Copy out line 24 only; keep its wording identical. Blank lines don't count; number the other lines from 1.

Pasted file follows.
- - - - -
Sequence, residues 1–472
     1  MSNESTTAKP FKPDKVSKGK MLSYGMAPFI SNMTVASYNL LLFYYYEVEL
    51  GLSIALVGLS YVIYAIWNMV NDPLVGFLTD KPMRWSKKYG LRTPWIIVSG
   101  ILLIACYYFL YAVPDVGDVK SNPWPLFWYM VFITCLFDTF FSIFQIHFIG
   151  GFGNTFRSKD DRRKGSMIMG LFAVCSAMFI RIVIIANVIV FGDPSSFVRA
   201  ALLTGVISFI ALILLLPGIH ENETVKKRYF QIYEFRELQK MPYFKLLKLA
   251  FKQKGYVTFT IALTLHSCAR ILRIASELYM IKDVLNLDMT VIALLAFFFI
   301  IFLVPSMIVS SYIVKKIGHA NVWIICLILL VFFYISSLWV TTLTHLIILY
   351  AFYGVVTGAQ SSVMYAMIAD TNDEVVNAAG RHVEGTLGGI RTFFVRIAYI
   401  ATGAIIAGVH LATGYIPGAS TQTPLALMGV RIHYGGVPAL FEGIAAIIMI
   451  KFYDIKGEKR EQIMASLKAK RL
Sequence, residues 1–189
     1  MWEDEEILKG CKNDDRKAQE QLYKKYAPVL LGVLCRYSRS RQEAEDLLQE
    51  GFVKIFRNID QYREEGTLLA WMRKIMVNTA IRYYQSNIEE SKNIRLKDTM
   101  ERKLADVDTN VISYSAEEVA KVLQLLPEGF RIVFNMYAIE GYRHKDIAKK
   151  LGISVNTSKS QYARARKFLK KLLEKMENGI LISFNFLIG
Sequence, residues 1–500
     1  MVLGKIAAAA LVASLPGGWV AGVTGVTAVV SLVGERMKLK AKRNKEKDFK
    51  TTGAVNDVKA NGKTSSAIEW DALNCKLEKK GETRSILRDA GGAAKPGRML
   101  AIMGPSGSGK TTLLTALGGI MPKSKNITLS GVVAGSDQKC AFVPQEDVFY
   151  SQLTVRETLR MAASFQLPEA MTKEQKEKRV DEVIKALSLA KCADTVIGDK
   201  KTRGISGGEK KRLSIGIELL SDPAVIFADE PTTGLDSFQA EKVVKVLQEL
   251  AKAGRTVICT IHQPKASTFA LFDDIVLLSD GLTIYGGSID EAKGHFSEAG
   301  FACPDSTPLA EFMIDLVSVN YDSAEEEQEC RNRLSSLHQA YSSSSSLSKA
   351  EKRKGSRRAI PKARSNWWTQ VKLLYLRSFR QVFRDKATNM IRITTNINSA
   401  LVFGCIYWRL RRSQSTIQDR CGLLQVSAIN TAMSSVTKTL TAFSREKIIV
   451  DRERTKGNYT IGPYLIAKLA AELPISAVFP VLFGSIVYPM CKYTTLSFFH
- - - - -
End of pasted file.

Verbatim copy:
   301  FACPDSTPLA EFMIDLVSVN YDSAEEEQEC RNRLSSLHQA YSSSSSLSKA